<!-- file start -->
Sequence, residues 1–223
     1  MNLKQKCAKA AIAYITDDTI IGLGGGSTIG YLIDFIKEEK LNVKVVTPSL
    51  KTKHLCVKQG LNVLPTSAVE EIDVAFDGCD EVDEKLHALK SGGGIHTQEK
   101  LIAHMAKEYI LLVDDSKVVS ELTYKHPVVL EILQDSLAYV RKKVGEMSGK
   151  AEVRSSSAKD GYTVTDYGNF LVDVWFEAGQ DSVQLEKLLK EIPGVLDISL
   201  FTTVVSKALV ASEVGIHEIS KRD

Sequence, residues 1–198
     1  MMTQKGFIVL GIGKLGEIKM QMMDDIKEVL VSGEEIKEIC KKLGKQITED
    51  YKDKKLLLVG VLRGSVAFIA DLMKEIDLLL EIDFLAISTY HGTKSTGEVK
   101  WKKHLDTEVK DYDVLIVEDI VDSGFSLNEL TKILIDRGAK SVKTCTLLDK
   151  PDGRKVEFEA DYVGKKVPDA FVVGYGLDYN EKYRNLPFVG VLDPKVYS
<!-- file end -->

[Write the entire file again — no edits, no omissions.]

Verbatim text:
Sequence, residues 1–223
     1  MNLKQKCAKA AIAYITDDTI IGLGGGSTIG YLIDFIKEEK LNVKVVTPSL
    51  KTKHLCVKQG LNVLPTSAVE EIDVAFDGCD EVDEKLHALK SGGGIHTQEK
   101  LIAHMAKEYI LLVDDSKVVS ELTYKHPVVL EILQDSLAYV RKKVGEMSGK
   151  AEVRSSSAKD GYTVTDYGNF LVDVWFEAGQ DSVQLEKLLK EIPGVLDISL
   201  FTTVVSKALV ASEVGIHEIS KRD

Sequence, residues 1–198
     1  MMTQKGFIVL GIGKLGEIKM QMMDDIKEVL VSGEEIKEIC KKLGKQITED
    51  YKDKKLLLVG VLRGSVAFIA DLMKEIDLLL EIDFLAISTY HGTKSTGEVK
   101  WKKHLDTEVK DYDVLIVEDI VDSGFSLNEL TKILIDRGAK SVKTCTLLDK
   151  PDGRKVEFEA DYVGKKVPDA FVVGYGLDYN EKYRNLPFVG VLDPKVYS